Andrés Cerpa

dear Colinwe do so much to hurt ourselveswhen we left the Blue & Gold with the simple turnof your back & mine away from each otherthe city took overI could not hear your voice & soon its bodya succession of so many lives we do not seebirds at midnight two riverschaos blurred & seamedthis dilated language somehow got connected to all that we dobut truly what do I know about my own life& why nowmore lightmore fucking lightrememberhow since Homersince fireeverything old in everything flocks to another sunlit treeit only recently became spring & already the shattered glass that lines this by-the-water roadwhere only teenagers & addicts & fishermen drinkhas disappearedit’s a damn good place to dieCarl didwhere the thigh-high weeds gut fish in the wind& laughter rises like blood through the texture of a sockthe trail is sun-dyed overgrown & oldit is the rot we attempt to dispelstrengthened by oil& the black sand of a thousand chemistry setsbut everything comes backalive & in the process of mysteryanother heron drives below the water to eat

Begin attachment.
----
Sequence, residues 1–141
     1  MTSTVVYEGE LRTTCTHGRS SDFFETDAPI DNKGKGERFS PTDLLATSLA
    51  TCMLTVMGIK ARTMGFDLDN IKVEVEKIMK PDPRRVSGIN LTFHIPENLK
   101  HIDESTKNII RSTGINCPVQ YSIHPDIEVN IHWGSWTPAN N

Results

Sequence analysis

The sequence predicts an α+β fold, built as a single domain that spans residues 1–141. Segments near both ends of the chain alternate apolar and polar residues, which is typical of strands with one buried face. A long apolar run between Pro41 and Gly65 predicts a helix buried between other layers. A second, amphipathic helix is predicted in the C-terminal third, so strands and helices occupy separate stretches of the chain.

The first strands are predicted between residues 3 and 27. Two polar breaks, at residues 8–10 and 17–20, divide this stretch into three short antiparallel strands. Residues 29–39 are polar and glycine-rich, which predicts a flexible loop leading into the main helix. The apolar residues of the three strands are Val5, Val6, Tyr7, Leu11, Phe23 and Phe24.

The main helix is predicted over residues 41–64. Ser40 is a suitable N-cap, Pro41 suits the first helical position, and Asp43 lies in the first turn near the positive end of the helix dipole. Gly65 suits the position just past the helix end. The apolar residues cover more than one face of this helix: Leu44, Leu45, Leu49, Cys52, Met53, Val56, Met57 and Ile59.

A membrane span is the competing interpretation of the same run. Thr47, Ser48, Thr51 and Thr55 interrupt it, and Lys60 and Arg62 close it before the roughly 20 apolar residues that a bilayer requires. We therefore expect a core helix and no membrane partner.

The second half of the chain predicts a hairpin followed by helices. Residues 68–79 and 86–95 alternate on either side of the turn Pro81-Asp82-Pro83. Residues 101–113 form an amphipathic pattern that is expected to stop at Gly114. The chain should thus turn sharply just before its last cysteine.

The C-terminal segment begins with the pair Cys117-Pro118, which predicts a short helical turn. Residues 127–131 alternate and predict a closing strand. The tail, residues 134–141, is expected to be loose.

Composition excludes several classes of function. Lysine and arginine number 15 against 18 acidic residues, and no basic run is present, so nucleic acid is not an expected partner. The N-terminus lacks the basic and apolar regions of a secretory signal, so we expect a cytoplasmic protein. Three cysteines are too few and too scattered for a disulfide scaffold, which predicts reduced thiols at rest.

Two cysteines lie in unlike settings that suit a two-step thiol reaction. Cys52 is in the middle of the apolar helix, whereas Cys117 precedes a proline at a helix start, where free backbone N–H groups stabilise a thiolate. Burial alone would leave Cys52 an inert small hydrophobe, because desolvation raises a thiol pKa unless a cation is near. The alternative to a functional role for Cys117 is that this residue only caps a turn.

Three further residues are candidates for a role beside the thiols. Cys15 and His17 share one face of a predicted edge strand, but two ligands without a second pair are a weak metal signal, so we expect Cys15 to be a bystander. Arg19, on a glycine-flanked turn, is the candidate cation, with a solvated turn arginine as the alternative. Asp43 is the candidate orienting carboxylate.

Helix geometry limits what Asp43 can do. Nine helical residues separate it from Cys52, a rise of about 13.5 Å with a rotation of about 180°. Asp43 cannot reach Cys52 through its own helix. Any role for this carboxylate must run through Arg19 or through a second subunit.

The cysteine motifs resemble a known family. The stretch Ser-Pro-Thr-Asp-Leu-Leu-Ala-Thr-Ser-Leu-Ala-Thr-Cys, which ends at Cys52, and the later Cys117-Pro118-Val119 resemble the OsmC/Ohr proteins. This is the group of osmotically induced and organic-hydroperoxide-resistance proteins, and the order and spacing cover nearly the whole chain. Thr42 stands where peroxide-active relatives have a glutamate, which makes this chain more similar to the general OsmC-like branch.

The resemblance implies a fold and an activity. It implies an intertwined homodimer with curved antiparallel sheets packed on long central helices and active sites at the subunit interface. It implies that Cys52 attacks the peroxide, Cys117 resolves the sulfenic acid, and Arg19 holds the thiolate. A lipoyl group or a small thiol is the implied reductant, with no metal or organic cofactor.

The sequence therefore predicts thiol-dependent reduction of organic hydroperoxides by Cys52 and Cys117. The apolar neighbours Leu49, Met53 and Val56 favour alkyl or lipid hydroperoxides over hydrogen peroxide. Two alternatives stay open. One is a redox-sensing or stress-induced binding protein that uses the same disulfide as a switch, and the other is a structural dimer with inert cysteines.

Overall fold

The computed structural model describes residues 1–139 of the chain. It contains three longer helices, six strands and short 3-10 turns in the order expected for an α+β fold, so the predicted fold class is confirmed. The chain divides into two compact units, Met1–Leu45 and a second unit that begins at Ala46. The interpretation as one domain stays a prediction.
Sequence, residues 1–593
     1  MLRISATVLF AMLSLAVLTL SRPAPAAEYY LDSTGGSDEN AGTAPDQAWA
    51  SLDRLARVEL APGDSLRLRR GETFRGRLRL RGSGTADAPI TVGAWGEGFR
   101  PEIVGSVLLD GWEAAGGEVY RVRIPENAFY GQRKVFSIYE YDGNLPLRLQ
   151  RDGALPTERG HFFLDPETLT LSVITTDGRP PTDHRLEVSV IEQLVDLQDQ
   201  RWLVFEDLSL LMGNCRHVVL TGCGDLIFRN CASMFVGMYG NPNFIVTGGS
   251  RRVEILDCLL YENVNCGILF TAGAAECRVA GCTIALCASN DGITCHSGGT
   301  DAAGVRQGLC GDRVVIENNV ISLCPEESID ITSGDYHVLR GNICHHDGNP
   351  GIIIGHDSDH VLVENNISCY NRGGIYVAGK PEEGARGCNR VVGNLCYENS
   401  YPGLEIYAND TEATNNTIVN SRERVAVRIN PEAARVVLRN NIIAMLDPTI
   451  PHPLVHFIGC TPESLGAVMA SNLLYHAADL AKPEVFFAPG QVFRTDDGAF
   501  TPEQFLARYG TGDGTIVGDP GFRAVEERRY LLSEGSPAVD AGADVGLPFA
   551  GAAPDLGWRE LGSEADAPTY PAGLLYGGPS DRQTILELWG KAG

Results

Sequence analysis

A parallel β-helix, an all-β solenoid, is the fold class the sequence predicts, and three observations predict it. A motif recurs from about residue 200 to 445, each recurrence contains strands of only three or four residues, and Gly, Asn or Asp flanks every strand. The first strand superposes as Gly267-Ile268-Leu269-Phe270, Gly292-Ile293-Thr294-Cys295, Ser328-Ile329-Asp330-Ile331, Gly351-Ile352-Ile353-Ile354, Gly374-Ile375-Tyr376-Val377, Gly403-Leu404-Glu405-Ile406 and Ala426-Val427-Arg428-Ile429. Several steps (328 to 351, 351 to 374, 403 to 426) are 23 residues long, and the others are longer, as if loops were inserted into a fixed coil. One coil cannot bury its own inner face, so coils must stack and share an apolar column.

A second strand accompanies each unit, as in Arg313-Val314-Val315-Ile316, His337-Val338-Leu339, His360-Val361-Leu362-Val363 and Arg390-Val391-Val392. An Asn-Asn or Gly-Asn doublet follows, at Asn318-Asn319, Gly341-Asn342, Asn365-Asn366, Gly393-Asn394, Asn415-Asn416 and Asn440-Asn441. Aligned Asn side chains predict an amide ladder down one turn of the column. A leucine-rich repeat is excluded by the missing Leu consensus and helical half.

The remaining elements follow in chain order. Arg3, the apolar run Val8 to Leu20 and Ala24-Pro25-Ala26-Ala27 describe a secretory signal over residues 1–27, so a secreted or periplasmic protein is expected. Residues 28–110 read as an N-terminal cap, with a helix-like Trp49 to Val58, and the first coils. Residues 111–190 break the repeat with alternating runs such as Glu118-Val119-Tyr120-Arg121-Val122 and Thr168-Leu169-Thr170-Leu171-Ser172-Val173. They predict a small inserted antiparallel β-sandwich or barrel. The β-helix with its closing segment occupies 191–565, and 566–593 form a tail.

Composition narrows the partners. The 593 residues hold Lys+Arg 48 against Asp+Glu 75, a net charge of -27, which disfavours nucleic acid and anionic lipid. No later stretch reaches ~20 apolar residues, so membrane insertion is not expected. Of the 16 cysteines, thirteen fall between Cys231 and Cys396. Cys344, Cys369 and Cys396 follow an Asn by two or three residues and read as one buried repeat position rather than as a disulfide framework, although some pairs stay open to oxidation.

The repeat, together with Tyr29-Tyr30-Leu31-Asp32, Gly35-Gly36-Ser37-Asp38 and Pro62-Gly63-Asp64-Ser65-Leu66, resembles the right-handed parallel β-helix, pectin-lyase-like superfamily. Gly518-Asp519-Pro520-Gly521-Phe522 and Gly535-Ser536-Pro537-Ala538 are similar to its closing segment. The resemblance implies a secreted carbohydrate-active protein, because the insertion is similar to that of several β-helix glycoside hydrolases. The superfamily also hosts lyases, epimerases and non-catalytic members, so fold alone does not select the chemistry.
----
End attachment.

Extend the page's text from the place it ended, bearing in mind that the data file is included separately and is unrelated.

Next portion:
from the book THE VAULT / Alice James Books
Share Share
Tweet Tweet
Forward Forward
These fragments are walking from the depths of my labyrinth, the city, to the shore. From the Blue & Gold Tavern on E 7th to the docks near Snug Harbor. 
Paul Muldoon Unlocking Paul McCartney’s Musical Genius“That Sir Paul McCartney turns out to be such a brilliant mimic shouldn’t have come as a surprise. Like almost all great writers, he’d apprenticed himself to the masters of the trade: Dickens, Shakespeare, Robert Louis Stevenson, Lewis Carroll. All apprenticeships are characterised by caricature and impersonation.”via THE GUARDIAN
What Sparks Poetry:Alyse Knorr On John Keats’ “Bright Star”“I loved picturing the star in the poem watching the waves clean the shores and the snow graze the mountaintops. I loved how the first half of the poem painted a picture by negation, like a puzzle, and how it wrenched me from the cold, lonely reaches of outer space down to the grounded, intimate moment of laying one’s head on a lover’s breast and hearing the quiet of her breathing: all made equally sacred in the poem’s grand equation.”